• Smell. Laugh all you want, but smell has a tremendous impact on productivity and focus. My wife used to cook or bake in the morning hours and the smell would travel to where I was trying to work. All I could think about was how hungry I was. She now refrains from baking or cooking until the afternoon, or when I’m not in my home office area. I’ve started using a diffuser with essential oils to help me focus at work (lavender and peppermint seem to work best for me).
  • Touch. An effective work space should be comfortable and help you maintain the right posture. Working from the couch is comfortable, but your posture might soon be a bit too relaxed. Working while sitting at the dining table might maintain the right posture, but its comfort may be short-lived.
  • Taste. Working from home invites every food craving to be a reason to stop what you’re working on. Are you finding yourself snacking more than you would at work? If so, consider putting out the amount of snack you want to eat just like you would when at work, or move to an area of your home where you aren’t as tempted to reach for the bag of chips.

I would also include your digital environment in your review. From smartphone notifications to Skype instant messages, have you set yourself up to work without distraction? Are you fully familiar with the digital capabilities offered by Zoom, Web Ex, Bluejeans, or other platforms you’re using? If not, spend some time with a tutorial to be able to use them efficiently and effectively.

Most importantly, be willing to invest some time and possibly even money into creating the right work environment. Regardless of how long this isolation lasts, there is no question that working from home is going to be more accepted and expected in the future. Don’t be afraid to paint some walls, buy a better work chair, or even rearrange a room to create the environment you need to be productive. You’re going to be using it more than you think.

M-Make Everyone Aware Of Your Plan

With school-age children and possibly your life partner at home these days as well, it’s easy to get sidetracked with the needs and expectations of others. Start improving your productivity by getting everyone on the same page as to when things need to happen during the day. From meals to breaks to your turn to “watch the kids,” everyone needs to know the plan-and abide by it unless there is an emergency.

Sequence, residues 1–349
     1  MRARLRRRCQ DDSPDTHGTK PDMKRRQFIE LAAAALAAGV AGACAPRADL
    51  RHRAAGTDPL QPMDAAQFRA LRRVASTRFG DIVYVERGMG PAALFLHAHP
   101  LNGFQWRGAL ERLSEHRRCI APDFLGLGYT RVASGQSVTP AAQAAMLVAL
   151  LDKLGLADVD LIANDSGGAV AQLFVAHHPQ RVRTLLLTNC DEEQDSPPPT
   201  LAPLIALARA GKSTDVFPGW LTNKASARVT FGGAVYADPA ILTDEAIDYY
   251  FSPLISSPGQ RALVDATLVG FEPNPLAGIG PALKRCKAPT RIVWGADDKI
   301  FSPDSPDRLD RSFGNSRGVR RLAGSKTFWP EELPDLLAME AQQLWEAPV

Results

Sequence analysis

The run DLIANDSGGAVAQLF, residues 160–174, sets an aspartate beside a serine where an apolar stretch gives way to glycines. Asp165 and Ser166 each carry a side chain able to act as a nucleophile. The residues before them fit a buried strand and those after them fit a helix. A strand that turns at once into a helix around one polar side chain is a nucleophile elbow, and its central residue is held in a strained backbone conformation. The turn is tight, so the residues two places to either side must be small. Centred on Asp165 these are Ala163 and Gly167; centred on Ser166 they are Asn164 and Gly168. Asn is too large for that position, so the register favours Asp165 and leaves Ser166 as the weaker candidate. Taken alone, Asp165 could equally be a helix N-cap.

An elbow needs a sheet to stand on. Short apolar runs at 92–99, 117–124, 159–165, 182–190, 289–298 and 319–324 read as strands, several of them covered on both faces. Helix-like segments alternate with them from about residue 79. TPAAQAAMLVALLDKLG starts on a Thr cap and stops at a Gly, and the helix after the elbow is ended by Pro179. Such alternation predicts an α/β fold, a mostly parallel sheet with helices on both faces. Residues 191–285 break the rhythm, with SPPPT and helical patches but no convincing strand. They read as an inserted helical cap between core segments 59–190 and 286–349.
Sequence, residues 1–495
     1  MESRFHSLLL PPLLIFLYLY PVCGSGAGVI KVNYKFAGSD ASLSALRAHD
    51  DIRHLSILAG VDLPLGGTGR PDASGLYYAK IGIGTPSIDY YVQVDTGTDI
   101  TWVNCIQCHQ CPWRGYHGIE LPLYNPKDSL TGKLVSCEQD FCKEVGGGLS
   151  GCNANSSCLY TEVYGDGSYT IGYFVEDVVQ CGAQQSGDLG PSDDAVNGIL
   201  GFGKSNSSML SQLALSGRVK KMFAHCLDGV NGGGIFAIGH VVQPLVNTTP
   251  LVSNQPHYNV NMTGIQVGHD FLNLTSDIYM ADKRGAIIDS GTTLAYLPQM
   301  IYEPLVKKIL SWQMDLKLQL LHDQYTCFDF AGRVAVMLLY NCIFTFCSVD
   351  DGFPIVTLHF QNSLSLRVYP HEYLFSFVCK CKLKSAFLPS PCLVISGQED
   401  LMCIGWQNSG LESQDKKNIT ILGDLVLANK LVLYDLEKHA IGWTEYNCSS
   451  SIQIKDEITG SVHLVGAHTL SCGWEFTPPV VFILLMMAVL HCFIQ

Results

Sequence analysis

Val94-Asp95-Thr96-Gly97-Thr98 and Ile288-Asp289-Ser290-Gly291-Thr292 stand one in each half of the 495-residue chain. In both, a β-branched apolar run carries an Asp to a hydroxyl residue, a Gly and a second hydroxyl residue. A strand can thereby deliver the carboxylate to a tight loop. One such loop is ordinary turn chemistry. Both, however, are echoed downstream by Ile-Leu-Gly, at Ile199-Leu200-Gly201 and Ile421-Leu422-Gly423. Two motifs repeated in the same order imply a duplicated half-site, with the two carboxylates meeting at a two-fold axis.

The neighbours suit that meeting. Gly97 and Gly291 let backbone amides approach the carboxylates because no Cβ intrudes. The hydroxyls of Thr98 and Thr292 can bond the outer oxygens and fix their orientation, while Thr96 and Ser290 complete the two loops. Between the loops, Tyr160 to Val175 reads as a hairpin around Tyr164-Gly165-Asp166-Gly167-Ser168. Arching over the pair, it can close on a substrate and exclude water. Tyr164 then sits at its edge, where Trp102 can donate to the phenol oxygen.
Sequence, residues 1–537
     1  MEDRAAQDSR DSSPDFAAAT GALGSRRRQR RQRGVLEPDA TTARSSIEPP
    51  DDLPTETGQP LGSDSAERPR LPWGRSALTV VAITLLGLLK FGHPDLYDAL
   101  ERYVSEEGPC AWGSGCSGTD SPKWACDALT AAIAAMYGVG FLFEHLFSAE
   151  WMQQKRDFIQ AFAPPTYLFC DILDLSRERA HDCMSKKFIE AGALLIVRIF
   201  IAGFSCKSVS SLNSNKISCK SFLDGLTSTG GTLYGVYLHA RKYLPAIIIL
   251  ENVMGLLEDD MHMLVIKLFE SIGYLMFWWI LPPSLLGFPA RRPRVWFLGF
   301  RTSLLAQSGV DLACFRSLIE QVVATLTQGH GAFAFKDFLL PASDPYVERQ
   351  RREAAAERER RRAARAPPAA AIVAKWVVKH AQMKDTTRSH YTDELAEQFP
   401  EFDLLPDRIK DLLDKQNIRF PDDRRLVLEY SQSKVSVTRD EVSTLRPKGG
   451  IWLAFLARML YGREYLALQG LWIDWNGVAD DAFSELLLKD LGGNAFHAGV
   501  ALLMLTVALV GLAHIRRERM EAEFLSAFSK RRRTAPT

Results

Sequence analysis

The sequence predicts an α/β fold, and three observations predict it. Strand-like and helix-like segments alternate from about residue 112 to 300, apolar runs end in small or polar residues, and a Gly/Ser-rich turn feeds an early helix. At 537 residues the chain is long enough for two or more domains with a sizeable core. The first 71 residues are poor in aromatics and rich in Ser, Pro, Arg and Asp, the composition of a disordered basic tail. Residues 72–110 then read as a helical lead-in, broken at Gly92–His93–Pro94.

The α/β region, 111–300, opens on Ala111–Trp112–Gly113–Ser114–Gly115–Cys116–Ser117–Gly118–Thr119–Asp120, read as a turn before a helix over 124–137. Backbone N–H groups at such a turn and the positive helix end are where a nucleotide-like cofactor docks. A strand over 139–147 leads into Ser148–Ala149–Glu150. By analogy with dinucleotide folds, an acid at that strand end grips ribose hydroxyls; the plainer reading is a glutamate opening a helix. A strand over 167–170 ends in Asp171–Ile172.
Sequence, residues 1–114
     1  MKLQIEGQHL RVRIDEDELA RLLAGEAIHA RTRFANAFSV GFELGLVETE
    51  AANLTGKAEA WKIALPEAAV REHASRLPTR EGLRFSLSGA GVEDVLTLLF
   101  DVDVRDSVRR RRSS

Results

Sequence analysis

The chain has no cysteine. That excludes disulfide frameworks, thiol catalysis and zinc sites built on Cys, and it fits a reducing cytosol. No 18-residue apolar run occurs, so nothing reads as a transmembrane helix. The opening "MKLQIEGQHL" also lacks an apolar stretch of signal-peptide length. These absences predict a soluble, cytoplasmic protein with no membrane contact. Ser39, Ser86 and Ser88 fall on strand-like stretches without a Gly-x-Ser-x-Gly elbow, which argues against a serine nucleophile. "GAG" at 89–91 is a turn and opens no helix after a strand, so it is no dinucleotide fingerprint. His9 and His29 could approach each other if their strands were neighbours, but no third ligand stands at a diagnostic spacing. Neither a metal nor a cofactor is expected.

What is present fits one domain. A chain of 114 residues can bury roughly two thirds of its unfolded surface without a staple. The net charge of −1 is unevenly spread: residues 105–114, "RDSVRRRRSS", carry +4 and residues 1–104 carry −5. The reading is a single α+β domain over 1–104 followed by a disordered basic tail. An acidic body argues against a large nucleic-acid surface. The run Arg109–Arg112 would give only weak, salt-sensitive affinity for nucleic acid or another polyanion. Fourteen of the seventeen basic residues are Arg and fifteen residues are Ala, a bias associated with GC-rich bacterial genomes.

Create and post schedules for each day and review each morning. You’ll also want to communicate your plans to those who will need to get in contact with you during the day. Unless you have a real jerk for a boss (or coworkers), they will respect your need to build in time for family and personal responsibilities. And if you’re working based on outcomes and not hours (see “Have Clarity” section), it shouldn’t be a problem.

E-Engineer Your Entire Day

One fallacy followed by those newly working from home in this Coronavirus era is that they can relax their planning and scheduling because they aren’t having to drive to work or transport children to as many events and activities. This more casual approach can lead to wasting precious minutes and losing that sense of order and urgency that fuels their productivity.

I highly encourage you to take the opposite approach. Plan for every minute of your day. Think about how each hour could best be used to accomplish your goals as an employee, spouse, and parent. This includes your evening hours. Be more intentional about planning specific activities with family members and friends. Plan meals for the week (and who will prepare them) so there’s less ambiguity. Give your brain every opportunity to fully focus on work when it needs to, instead of thinking of all the “loose ends” you haven’t addressed in your day.

Most importantly, don’t miss the chance to improve the relationship and self-care areas of your life. There are special moments you can create with your family and for yourself because of being at home during the day. After all, what you are working for anyway?

Jones Loflin is a global keynote speaker on innovative yet practical solutions to help with the struggle of too much to do. He is the author of several books, including Always Growing and the award-winning, Juggling Elephants. Jones is a leader in solutions for individuals, groups, and businesses dealing with too much to do and all the tools to support balanced, productive lives.

Four Ways To Make Working From Home A Success By: Jones Loflin

Posted by Devin Riley